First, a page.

Once the notes on the chapter are finished, I go back to the beginning of the chapter in my note file and write a summary of it. The summary is really more like a mini-review, as I am already thinking about and interacting with the material. The goal is to write the summary using only the notes in my file. If I did a good job understanding what I read and took good notes, I won’t have to refer back to the physical book. If I do, I may take an additional note or two to remedy the situation.

Here is an example of a section of notes:

notes sample

3. Drafting the Review

A book review’s purpose is to allow the reader to determine whether to read the book and what priority to place on doing so. The reviewer does not just give a generic recommendation, because people are not generic. The reviewer needs to keep in mind individual readers’ interests and abilities. I am still developing my style as a reviewer, but I make adjustments based on the criterion of the review’s purpose. [My reviews are listed here.]

My first paragraph gives a general overview of the book. I introduce the author and outline the theme and general plan of the book. A few body paragraphs summarize the content of the book. However, a review is not an abstract. I try to take a few body paragraphs to highlight remarkable themes or arguments. Here I interact with the book, offering some evaluations and showing how it has influenced my thinking. Toward the end I try to make general remarks about register (academic, literary, popular) and style. I offer an evaluation of the book as a whole and suggest what types of readers would benefit most from it.

The review completes the process of reading by forcing me to think through how the book as a whole fits into my broader intellectual development. It is only in teaching, in the sense of speaking authoritatively to others after a period of reflection, that one completes learning.

—————

The above is my method. Was this helpful? Do you have questions? Do you want to share your own methods?

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Published in: on January 3, 2013 at 8:07 pm  Comments (6)  
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6 CommentsLeave a comment

  1. Very helpful. Thanks for posting this!

  2. I appreciate your model. Thanks for sharing it!

    Mine isn’t nearly as efficient. I read the book in its entirety and then I go back and quickly skim it to note key thoughts, etc. So I’ve essentially read a book twice when I start writing. Again, not as efficient as you… but then again, I’m not in an academic context, so I don’t have pressure to produce many reviews. 🙂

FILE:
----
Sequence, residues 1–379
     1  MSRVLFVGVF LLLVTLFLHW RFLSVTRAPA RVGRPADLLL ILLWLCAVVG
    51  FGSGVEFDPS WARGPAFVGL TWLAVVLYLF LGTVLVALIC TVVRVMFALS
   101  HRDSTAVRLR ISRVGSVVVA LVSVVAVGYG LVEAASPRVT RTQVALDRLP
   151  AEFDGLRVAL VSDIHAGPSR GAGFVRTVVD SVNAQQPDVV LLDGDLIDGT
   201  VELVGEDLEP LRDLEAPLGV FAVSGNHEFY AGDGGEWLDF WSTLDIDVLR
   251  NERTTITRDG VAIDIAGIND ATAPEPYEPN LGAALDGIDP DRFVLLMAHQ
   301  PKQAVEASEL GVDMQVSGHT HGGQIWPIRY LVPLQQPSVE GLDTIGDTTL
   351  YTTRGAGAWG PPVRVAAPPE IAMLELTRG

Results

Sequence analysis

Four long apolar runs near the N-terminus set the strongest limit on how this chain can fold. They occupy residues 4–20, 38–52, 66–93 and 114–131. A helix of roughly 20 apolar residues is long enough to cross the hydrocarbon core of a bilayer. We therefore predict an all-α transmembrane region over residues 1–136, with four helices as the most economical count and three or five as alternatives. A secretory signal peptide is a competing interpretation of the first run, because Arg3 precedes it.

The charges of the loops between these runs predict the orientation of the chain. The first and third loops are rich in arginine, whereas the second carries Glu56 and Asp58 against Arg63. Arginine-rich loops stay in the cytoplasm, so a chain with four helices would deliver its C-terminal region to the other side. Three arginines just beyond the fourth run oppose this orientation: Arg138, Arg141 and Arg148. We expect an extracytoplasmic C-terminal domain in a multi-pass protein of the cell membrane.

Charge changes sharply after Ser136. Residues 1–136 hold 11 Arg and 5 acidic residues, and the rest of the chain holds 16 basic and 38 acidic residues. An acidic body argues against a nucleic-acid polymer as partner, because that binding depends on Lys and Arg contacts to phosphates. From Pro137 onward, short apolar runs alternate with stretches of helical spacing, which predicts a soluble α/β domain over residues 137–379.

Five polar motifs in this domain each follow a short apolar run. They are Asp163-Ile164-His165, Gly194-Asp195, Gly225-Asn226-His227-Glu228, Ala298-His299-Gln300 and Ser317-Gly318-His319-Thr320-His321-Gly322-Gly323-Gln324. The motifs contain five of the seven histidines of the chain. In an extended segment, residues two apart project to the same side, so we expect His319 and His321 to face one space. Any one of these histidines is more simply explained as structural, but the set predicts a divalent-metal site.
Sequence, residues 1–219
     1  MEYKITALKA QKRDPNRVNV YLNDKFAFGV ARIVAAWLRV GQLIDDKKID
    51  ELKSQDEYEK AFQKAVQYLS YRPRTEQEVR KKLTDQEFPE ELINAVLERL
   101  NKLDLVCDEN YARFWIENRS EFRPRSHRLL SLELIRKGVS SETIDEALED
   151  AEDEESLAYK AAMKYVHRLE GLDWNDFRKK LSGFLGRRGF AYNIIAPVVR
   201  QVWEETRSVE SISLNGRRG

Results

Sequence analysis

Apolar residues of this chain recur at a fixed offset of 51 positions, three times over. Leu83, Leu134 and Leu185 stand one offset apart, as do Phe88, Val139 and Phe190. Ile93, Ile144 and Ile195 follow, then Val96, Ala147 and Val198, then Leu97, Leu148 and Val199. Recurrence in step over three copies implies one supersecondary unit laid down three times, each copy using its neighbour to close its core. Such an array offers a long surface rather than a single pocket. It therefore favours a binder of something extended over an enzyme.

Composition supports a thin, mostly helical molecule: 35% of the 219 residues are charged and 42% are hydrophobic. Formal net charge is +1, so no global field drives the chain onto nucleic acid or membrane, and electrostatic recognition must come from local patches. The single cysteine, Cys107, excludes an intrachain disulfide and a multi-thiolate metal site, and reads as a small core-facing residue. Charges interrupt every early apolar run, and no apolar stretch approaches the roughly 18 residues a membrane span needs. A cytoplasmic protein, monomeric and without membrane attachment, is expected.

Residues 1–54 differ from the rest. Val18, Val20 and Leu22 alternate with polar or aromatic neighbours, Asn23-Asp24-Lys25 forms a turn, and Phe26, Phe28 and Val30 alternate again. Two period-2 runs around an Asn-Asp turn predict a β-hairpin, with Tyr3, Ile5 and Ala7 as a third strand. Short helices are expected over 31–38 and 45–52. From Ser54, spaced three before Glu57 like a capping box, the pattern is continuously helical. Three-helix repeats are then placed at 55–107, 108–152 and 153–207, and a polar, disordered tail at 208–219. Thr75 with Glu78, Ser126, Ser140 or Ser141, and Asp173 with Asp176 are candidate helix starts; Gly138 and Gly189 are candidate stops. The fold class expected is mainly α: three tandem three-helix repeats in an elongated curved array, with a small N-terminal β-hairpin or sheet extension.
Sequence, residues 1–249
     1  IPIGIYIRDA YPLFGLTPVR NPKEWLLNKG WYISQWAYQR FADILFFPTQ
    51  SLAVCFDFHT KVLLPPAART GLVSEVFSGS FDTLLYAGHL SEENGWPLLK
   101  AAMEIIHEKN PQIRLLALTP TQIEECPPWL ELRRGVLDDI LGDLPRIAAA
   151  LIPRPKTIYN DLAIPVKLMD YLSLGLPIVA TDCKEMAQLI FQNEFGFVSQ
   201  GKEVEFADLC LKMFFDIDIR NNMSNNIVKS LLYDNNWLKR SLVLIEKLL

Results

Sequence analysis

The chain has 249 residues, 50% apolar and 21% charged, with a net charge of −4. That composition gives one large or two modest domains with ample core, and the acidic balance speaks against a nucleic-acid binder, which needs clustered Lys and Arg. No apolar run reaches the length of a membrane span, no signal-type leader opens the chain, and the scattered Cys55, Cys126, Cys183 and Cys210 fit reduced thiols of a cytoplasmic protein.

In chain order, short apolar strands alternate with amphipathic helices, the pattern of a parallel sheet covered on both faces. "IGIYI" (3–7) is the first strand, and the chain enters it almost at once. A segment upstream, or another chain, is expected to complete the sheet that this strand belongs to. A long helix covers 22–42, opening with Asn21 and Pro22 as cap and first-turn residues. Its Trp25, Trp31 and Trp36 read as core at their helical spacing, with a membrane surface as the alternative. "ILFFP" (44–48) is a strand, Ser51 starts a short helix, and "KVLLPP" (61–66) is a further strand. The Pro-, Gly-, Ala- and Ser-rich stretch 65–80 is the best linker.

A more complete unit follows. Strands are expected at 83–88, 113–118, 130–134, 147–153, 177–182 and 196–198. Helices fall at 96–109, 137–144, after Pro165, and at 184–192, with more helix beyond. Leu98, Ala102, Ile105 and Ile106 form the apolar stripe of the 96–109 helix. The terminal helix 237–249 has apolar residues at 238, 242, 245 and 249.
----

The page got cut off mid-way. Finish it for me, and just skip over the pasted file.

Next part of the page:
• To each his own. I started doing the chapter summaries because I felt that I was losing too much comprehension pushing through the whole book. I needed periodic moments to gather my thoughts and keep me on track.

  3. I suspect my method is much less efficient, but I have trouble breaking away from it. When I’m reading a book, I tend to engage with it dialogically, arguing (or cheering) the author as I go. If I own the book I will write my side of the dialogue in the margins. Especially helpful, controversial or otherwise signifiant statements will be underlined (never highlighted–too distracting), and statements that are the most important get a large exclamation point in the margin. Once I finish the book, I will skim back through and collect and organize my underlined portions and marginal comments. I will assemble the best quotes and the most significant of my reactions in a Word file as a bulleted list with page citations. I will then organize these into whatever structure is most appropriate for my review and write my final copy from that.

  4. Hi Charlie, I’ve been following the blog for some time now, always appreciate your writing. Your post was timely for me for two reasons: 1. I’m in a book club reading “City of God” at the moment, enjoying it immensely, and was cheered to see you working on Augustine scholarship in your example notes. 2. Just last week I wrote some reflections of my own on note-taking method, and so was intrigued to see what your process is. (Obviously I’ve got round to reading your post quite a bit after you published it.) (My post is here: http://wingedkeelandcrumpet.wordpress.com/2013/03/17/some-useful-tools-for-paperless-academic-research/)

    Anyway, thanks for this. Best, Nathan.

  5. Thanks for the helpful post!

    Having a connective take defect has led me to an easy way to transcribe quotes. That is using Dragon Naturally Speaking Premium 11, which is voice recognition software. The software quickly types what I dictate from a book. Then I can hit “Play” to hear what I’ve read to the program while silently reading the book text. This makes writing, and then reviewing for mistakes, a cinch! Though the software is not cheap, it seems worth the investment for a scholar. You can find videos on YouTube showing the program in action to get a better feel for it.